Robert Quinn wasn’t just the Dolphins’ most expensive offseason acquisition.
He might hold the key to their entire defense.
The Dolphins need him to be the pass-rushing wingman Cameron Wake has lacked since Olivier Vernon signed with the Giants.
Starting Thursday, we’ll see if Quinn can be that guy. He is set to make his Dolphins debut in Miami’s preseason opener against the Buccaneers.
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“It’ll be a great feeling,” said Quinn, acquired by the Dolphins from the Rams via trade this offseason. “We’ve been here going against our teammates for a week or two weeks or however [long] it’s been. As fun as it is to get back to playing football, it’s a lot more fun to actually play some games and to get our mind off of camp mode, so I think that will be a great thing, just to get back to actually reap some benefits of the hard work we’ve been doing.”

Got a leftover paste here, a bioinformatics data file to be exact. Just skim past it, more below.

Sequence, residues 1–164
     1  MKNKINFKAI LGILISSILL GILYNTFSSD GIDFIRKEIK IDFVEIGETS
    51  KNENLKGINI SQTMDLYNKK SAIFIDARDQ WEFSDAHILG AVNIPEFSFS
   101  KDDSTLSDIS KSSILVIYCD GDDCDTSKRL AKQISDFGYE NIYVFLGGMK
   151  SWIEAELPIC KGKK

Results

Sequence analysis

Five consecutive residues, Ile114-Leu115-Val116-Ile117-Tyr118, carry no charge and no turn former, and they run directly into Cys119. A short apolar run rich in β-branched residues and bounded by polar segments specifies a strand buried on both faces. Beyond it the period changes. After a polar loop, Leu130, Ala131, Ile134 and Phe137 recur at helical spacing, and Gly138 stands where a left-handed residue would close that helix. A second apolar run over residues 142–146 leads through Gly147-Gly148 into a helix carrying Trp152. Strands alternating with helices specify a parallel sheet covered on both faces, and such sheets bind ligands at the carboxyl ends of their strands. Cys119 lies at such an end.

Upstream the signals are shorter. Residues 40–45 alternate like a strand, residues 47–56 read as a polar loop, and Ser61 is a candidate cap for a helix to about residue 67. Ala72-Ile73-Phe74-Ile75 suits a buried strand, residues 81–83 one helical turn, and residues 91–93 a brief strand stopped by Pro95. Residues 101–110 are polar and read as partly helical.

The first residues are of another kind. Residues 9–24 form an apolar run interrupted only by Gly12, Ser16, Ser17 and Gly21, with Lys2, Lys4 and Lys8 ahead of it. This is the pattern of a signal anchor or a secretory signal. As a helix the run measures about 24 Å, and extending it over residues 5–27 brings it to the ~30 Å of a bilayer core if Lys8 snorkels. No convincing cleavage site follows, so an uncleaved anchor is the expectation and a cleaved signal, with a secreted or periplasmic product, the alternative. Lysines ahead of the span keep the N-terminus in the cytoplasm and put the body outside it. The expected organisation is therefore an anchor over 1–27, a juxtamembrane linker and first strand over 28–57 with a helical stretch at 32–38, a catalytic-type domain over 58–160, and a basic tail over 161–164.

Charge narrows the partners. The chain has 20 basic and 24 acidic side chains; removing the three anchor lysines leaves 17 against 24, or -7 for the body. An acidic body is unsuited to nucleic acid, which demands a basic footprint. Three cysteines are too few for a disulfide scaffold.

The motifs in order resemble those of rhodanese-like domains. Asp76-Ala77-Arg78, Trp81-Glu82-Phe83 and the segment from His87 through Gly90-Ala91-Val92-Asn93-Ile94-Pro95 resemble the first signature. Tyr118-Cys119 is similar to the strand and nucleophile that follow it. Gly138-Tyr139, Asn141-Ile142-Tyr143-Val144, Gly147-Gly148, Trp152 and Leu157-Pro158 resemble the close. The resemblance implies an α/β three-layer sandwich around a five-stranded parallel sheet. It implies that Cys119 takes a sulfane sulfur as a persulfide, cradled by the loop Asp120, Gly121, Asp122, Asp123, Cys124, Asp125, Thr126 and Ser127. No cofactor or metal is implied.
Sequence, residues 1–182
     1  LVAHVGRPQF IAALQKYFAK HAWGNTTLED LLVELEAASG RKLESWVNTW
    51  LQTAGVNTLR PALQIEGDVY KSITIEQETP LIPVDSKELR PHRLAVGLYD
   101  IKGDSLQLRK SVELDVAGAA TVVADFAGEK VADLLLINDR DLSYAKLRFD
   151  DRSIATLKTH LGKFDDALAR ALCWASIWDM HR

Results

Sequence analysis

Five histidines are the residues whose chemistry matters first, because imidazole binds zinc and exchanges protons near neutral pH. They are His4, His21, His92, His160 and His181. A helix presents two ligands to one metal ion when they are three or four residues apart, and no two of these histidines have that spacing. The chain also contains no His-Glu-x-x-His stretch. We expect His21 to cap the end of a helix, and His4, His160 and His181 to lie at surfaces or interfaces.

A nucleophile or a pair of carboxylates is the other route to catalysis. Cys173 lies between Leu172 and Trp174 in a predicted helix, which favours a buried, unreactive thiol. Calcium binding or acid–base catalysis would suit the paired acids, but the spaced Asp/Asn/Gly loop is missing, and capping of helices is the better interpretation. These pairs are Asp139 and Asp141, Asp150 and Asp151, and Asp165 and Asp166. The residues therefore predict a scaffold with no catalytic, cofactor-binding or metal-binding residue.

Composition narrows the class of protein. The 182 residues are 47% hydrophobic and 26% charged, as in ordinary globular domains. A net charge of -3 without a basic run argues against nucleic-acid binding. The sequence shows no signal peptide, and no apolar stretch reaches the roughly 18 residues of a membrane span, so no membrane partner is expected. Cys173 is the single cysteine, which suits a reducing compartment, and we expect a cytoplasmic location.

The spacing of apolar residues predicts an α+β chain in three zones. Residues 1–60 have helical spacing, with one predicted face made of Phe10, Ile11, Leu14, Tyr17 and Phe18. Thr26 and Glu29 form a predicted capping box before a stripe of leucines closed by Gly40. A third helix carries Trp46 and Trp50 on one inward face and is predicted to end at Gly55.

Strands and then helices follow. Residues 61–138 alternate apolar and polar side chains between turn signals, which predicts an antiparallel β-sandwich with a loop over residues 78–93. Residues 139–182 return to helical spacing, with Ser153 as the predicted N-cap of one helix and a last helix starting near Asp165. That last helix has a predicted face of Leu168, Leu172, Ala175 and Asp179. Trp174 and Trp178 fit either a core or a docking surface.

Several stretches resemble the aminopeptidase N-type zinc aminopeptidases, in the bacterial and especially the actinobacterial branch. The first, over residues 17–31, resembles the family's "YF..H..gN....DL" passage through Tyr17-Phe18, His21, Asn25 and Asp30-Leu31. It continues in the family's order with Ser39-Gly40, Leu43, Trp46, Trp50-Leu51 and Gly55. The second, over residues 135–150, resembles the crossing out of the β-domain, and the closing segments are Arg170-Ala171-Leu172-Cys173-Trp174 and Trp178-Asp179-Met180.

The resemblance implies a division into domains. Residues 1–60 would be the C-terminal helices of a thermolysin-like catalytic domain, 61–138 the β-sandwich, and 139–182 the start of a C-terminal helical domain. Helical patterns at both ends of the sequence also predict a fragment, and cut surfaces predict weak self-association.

Quinn is back playing his natural position — defensive end — after being asked to play 3-4 linebacker in Los Angeles last year. And that change seems to have done him good, regularly beating Laremy Tunsil and getting to Ryan Tannehill in practice.
Still, can he be the guy who had 40 sacks from 2012-2014? Or have injuries and age slowed him down, and are his 17 1/2 sacks over the last three years more reflective of his current ability?
That answer will go a long way in determining if the Dolphins’ pass rush is significantly better than the group that ranked 26th in sacks last year with 30.
The defensive front as a whole has looked great the last two weeks, but is that just a function of the Dolphins’ offensive line playing poorly?
We’ve been fooled in years past by such a showing, only to have Wake get little help during the regular season. Since Wake entered the league in 2009, only one other Dolphins defender — Vernon in 2013 — has had double-digit sacks.
Thursday against Tampa Bay should be a better gauge of this group’s ability, beginning with Quinn.
“[Make] sure that I get off on the ball fast, like any D-lineman wants to,” Quinn said of his plan for Thursday. “Work on my hands. Just basic D-line stuff but get it at a game speed. We can practice as fast as ever out here but there’s nothing like a game. It’s more of just getting that game reality, that game speed back underneath my belt and to see if I’ve got everything clicking again.”
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